The first decision I had to made was which type of LED component I need to select. 

    I knew that using a non-addressable LED was not going to be a feasible choice here since in that case I had to deal with addressing them with another IC and routing 4 wires to each LED light would become a nightmare. 

    Therefore, I narrowed down my search to different types of addressable RGB(W) LEDs. The two main contenders were Neopixel and Dotstar LEDs. There's an awesome comparison of these types of LEDs posted by Adafruit on this page.

    Since I needed to add a bunch of LEDs to form a full ring, the cost per LED was an important factor. I ended up putting 27 LEDs on the PCB! 

    I had previously used Neopixels in other projects and I had an inclination from the get-go to use them. However, there were a few things that bugged me about them and a few things that I liked. 

    Basically, the main cons for Neopixel LEDs were:

    1. PWM driver conflicts with RPi sound card 
    2. Requires DMA and application requires super user privilege on Pi.

    and the Pros were:

    1. One Data-In and Data-out line. Makes routing easier 
    2. Very common and comes in variety of packages 
    3. Low cost

    On the other hand, DotStar LEDs had the following pros and cons:


    1. No need for DMA and could be driven for regular GPIO pins
    2. No conflict with Pi audio 


    1. More expensive than Neopixel LEDs
    2. Less variety and options for packaging
    3. Routing 2 Data-in / Data-out lines would take more space

    The cost factor and the existence of more packaging options finally convinced me to stick with Neopixel in my design, specially since I was adding a separate audio driver chip for HiFi audio and was not relying on Pi low quality PCM audio moving forward (considering on-board soundcard conflict issue).

    Next challenge: Light Diffusion

    This was a seemingly easy task at the beginning, however, a special design constraint turned it into one of the most challenging optical design work that I had undertaken before. The design constraint was to: diffuse RGB LED visible light to remove hotspots but let IR light pass through with minimal loss. The constraint stemmed from the decision to place the IR receiver sensor and transmitter diodes behind the same light ring.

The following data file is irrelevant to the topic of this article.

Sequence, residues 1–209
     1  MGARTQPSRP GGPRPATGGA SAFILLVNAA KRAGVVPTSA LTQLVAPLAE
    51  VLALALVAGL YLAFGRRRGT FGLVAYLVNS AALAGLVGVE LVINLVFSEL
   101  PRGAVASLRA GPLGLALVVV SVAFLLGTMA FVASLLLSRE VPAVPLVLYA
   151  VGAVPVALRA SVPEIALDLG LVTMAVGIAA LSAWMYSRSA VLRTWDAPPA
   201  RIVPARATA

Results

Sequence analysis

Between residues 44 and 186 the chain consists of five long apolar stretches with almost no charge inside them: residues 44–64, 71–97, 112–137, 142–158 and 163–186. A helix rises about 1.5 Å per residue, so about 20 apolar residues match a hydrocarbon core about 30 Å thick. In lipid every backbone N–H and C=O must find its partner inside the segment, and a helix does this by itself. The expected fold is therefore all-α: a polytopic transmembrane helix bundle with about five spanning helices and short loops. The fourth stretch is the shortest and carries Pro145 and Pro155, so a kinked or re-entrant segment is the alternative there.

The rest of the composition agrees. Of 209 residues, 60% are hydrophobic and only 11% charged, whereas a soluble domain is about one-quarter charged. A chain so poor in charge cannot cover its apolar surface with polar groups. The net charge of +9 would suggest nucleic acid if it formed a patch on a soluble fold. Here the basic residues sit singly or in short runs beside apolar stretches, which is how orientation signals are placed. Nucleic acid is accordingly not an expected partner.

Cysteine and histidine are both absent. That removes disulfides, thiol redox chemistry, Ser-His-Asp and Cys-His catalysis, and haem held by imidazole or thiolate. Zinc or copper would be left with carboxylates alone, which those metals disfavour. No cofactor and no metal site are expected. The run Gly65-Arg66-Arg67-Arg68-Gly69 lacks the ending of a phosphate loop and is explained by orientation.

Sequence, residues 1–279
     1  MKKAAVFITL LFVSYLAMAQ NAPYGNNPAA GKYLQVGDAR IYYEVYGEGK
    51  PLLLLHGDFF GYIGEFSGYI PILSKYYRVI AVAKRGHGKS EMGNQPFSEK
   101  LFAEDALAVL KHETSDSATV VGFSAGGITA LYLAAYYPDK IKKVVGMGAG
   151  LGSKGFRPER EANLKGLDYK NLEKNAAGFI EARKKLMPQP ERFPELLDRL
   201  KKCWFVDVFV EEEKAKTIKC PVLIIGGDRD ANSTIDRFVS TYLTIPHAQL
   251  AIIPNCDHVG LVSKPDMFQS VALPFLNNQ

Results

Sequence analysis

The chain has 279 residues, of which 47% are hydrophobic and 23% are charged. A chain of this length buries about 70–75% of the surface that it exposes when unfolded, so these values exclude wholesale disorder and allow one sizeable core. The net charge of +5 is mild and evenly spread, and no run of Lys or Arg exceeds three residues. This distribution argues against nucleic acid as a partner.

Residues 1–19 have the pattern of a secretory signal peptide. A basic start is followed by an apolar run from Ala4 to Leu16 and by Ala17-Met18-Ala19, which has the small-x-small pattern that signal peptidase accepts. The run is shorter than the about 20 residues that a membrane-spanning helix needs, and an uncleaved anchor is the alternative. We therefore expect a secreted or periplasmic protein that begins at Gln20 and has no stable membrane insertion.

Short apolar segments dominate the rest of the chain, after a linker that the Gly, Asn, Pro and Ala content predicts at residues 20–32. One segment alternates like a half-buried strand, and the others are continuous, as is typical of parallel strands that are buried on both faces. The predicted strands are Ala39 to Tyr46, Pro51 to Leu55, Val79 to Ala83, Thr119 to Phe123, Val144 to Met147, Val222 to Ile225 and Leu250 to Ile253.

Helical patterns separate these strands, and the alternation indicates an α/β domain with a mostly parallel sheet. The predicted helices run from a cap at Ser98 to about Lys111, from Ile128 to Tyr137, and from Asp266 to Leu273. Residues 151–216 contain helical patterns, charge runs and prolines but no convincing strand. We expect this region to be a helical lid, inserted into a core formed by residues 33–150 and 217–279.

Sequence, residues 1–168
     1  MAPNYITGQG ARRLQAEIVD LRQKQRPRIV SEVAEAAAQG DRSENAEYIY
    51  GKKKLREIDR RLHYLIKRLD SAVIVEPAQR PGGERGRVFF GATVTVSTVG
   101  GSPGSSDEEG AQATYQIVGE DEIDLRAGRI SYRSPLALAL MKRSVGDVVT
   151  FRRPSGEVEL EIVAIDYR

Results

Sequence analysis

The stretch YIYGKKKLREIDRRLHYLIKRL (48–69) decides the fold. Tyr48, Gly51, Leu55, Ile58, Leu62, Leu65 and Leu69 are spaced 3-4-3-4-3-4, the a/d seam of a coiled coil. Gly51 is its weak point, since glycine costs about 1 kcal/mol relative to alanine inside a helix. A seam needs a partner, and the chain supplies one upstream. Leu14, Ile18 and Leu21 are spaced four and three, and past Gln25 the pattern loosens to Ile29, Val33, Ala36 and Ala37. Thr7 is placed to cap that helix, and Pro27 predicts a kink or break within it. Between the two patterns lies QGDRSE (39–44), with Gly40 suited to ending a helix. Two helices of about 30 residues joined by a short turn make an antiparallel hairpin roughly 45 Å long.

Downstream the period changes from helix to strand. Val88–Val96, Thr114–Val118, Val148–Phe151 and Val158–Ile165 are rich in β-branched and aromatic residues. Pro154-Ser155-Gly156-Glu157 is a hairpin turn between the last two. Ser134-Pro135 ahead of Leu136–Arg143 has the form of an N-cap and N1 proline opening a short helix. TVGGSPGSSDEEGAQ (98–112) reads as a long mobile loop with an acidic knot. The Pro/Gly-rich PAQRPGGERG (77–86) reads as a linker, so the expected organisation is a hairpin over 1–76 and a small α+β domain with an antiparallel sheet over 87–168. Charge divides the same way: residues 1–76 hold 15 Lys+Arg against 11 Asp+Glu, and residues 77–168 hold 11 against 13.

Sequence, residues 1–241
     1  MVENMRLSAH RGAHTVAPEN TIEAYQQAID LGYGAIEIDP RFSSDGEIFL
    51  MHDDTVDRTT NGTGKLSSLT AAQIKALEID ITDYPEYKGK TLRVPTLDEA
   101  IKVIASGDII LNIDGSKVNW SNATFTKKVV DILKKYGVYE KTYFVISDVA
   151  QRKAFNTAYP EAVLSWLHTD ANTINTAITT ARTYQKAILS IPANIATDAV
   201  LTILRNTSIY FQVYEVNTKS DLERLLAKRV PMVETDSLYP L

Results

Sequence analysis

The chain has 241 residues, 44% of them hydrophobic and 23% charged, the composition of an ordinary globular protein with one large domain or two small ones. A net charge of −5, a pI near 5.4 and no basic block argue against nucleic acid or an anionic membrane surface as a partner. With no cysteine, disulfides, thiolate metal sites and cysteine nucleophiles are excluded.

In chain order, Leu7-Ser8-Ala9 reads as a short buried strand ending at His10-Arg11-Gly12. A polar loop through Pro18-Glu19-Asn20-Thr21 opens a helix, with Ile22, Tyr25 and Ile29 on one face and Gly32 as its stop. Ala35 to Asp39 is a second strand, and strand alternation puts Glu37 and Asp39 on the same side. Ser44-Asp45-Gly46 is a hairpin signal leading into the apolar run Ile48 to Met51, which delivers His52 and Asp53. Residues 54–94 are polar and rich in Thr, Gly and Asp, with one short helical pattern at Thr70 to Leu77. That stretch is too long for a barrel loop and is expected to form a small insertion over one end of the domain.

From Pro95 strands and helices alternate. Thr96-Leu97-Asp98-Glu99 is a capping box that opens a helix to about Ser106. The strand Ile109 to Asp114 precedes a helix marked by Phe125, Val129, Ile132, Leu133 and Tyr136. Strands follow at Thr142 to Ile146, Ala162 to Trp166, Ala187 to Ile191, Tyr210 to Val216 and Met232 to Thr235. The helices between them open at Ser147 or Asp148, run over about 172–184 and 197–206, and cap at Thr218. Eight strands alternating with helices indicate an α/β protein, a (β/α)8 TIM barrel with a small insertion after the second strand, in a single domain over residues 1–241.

The picture below shows the first prototype. In the first prototype, I placed both the right angle addressable Neopixel RGB LEDs, InfraRed (IR) receiver sensor, and transmitter diodes on the edge of the PCB. 

    Since the RGB LEDs were too close to the LED light diffusing ring, this created visible hotspots and LED lights were not properly diffused. 

    To address this issue, I need to do several things (combination of following actions):

    1. Move back the RGB LEDs on the PCB for better diffusion
    2. Try top view LEDs instead of right angle so that light does not hit the ring directly
    3. Two-stage diffusion for RGB LED and single-stage diffusion for IR (more info on this later)
    4. Make the ring opaque (but not too opaque to block IR signal and decrease IR range)

    The idea was to try to diffuse the RGB LED light as much as possible without increasing the opacity of the light ring material. In other words, increasing the opacity of the light ring material had to be the last resort since it would affect the IR light signal strength and lower IR range.

    Since moving back LEDs required major change in PCB layout, I decided to try changing the LED type first to top view from side view first. This required only a change...